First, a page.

If the objective was honestly addressed, the State could have purchased sufficient numbers of an acceptable model, and then issued them to members to use and return at the end of their term. This after all, is the condition when Government servants are entitled to official vehicles.At the moment there is gross and reckless abuse. Heaven knows what fiddles go on in the matter of fuel issues, driver’s wages etc. One particular Minister who returned lakhs worth of unused fuel vouchers, was hailed for his sacrifice, with no one being asked how he came by such a treasure trove! The whole business of vehicle permits has turned ugly and cries out for urgent review and reform.

The RTI Act is of only limited value if it ends with mere disclosure. In my view, the matter amounts to dishonesty and fraud and should attract judicial attention and punishment. Meanwhile, there are things the public could and should do.Here are some:-

(i) Refrain from inviting any of them for family functions. Exceptions are close relations and personal friends

(ii) Act to prevent their invitation to School events where they could be considered as role models by young minds.

(iii) While they are at liberty to address each other as "honourable", refrain from doing so yourself.

(iv) Make them aware that you will not vote for them and that they need not come canvassing

To compound matters further, a respected former Deputy Governor of the Central Bank makes the starting revelation that he estimates the cost of maintaining a Cabinet Minister at Rs 8.5 million a month. With a number of 47, this amounts to nearly Rs 5,000 Million (5 billion) per year. Such accomplishments at such cost! Anyone watching the daily news broadcasts on TV may be excused for believing that endless functions (Ussawato some), school Prize Givings, stone-layings, tree plantings, ribbon cuttings and sundry other irrelevancies, must take up an awful lot of their "valuable time". Surely, many of these chores can be left to lesser mortals, while the huge backlog of matters of State are attended to. Quite a few urgent tasks are deprived of the urgent attention that they need. Very often we hear of actions held up "until the Minister returns from abroad"! Unimportant travel abroad is another Can of Worms waiting to be opened. Another idea for the RTI?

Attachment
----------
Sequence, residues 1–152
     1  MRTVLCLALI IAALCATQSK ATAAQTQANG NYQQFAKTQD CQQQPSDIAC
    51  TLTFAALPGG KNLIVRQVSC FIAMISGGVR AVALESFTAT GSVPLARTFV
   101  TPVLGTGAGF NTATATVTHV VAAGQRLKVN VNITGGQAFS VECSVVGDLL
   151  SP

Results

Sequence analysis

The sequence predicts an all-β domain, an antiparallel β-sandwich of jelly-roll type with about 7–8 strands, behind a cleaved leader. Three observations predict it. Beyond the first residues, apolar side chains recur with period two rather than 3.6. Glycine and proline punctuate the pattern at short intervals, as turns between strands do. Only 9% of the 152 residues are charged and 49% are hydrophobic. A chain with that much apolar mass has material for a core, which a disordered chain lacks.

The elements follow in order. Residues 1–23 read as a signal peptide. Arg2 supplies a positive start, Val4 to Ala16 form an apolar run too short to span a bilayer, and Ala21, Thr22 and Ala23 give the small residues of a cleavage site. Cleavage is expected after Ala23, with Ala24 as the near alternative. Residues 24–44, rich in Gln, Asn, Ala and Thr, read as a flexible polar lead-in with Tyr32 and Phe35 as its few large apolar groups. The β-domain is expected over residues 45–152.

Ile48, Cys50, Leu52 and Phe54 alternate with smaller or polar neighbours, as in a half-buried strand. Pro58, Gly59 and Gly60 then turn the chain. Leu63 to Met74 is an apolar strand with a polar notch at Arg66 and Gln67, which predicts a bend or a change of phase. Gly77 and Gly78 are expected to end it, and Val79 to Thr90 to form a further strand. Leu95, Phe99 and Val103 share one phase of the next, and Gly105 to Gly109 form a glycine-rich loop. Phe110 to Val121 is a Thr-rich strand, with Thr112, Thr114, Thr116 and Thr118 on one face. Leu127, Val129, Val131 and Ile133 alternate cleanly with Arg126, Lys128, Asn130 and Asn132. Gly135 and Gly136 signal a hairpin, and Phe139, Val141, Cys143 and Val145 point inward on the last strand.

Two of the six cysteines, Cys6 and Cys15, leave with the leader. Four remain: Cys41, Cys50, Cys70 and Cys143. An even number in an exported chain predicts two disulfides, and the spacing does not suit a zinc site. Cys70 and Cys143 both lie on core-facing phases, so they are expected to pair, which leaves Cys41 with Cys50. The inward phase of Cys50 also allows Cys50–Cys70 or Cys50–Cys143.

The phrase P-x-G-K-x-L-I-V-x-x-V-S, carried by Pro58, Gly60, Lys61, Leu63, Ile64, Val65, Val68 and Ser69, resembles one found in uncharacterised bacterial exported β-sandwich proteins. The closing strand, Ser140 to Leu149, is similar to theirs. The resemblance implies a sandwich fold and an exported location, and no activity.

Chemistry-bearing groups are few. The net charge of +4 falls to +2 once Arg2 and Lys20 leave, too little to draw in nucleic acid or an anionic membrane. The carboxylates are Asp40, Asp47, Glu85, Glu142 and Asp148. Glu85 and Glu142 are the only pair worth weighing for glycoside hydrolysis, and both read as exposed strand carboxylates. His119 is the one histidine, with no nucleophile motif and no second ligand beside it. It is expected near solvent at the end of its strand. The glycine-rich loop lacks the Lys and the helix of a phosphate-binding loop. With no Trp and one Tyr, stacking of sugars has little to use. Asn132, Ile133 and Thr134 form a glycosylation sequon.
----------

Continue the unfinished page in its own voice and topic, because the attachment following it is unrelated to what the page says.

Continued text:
When persons are as richly rewarded as Parliamentarians are, the public have a right to expect the highest standards of duty andconduct. Misconduct of any type, however slight, cannot be tolerated. In this instance the betrayal is extreme.

We are too small and too poor a country to support such unconscionable extravagance and officially ignored fraud. There is no other name possible for what is going on.